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Subdividing a parcel by road 1999/2

Issued May 2000

Subdivision by road not requiring the consent of the local council (de facto subdivisions) has not been the concern of the LTO since the Environmental Planning and Assessment Amendment Act 1997 came into force on 1 July 1998.

However, local councils are concerned that the manner in which plans define these roads may compromise the council in a future request for subdivision.

If the local council's position is compromised, the LTO may be held responsible for changes made in defining these roads, prior to or after registration, which are not in accordance with the council's requirements.

Therefore, any alteration to the manner in which the road was defined when the plan was originally consented to by the council will require the re-acceptance of the Certifying Authority, whether or not the amendment was:

  • required by the LTO to comply with accepted practice
  • requested by the surveyor or
  • requested by any other person.

LTO Practice

Surveyors should apply the following practice when defining road(s) which partition a parcel:

  • When either side of the road is defined by a firm unbroken line(s) the unbroken line must be fully dimensioned and:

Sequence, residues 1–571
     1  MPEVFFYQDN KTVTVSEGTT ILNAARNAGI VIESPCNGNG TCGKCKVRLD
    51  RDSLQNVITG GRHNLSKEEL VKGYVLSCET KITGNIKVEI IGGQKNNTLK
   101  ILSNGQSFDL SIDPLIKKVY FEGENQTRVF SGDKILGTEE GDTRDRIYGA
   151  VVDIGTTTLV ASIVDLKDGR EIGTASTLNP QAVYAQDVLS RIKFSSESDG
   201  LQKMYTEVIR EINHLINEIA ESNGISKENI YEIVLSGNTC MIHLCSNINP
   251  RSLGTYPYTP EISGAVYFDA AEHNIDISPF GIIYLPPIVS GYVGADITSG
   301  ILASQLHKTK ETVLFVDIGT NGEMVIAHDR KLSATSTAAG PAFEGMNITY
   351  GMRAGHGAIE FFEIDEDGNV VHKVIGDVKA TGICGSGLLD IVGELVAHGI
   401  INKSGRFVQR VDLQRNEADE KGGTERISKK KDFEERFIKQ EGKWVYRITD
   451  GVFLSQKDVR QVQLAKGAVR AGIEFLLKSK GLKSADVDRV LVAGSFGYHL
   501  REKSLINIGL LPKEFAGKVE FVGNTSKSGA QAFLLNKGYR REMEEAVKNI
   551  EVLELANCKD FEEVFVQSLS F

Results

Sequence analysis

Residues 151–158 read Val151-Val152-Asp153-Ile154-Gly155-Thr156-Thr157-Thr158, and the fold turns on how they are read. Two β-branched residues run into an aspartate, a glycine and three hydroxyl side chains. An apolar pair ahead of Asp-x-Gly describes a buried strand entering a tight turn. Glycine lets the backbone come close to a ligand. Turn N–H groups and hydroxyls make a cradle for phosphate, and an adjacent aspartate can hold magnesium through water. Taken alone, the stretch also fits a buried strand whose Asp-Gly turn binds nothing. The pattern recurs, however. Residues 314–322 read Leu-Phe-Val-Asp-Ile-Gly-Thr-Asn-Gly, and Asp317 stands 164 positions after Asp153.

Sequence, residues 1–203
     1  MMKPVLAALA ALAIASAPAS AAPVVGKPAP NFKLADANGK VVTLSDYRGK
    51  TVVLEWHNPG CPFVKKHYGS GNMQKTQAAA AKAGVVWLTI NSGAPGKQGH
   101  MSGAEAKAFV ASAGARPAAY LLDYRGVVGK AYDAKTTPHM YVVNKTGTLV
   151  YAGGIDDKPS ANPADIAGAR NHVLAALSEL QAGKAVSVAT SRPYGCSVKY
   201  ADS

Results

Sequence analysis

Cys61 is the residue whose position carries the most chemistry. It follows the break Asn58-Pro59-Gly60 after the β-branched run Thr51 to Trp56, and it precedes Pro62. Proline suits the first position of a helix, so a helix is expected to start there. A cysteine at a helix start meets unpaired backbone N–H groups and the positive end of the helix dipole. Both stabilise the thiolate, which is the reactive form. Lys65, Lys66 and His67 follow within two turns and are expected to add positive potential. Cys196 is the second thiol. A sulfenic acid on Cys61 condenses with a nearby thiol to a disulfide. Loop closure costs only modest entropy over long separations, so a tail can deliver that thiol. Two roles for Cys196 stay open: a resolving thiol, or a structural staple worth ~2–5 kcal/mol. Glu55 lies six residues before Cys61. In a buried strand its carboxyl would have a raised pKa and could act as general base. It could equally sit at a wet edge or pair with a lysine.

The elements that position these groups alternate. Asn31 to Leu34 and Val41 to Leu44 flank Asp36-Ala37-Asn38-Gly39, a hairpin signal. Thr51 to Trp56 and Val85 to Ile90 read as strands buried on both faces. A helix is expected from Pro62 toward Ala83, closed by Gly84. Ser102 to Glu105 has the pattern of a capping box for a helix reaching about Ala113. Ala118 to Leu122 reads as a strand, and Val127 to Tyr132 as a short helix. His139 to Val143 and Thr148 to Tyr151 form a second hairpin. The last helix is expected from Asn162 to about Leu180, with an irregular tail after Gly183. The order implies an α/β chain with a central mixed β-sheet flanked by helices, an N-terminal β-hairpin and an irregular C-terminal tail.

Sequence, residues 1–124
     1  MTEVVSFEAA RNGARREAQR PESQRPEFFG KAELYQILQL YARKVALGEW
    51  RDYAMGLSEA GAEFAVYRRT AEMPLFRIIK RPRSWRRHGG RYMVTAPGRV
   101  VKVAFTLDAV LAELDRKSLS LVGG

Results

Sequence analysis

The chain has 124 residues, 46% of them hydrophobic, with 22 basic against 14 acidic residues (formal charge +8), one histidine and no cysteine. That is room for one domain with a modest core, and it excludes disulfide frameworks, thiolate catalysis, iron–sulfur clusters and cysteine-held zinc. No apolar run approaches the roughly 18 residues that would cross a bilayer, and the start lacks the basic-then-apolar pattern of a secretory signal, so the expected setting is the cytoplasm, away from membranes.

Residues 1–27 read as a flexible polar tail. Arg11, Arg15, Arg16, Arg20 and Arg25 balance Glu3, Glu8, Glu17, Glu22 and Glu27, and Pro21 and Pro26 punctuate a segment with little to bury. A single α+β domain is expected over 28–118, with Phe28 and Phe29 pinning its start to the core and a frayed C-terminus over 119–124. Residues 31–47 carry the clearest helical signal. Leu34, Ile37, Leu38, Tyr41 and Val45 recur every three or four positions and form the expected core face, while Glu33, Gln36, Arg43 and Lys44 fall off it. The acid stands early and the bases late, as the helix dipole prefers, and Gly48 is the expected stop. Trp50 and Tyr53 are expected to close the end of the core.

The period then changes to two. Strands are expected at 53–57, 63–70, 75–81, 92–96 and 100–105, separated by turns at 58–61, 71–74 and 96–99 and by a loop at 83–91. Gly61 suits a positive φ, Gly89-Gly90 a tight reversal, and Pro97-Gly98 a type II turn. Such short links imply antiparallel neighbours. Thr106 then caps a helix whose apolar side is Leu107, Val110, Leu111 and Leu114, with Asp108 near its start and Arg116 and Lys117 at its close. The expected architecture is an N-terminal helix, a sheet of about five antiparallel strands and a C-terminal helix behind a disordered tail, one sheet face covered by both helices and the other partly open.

• vinculums MUST be shown between the separate parts of the lot, or
  • each separate part is identified as being part of the lot.
  • When both sides of the road are defined by broken lines, either side of the road may be dimensioned (not obligatory) and vinculums MAY BE used to join the separate parts of the lot (also not obligatory).

NSW Land Registry Servicesrs preparing a Departmental Plan should be careful to ensure that the manner in which they define a road passing through a lot is consistent with its prior definition and the original intention. If in doubt they should consult their supervisor.

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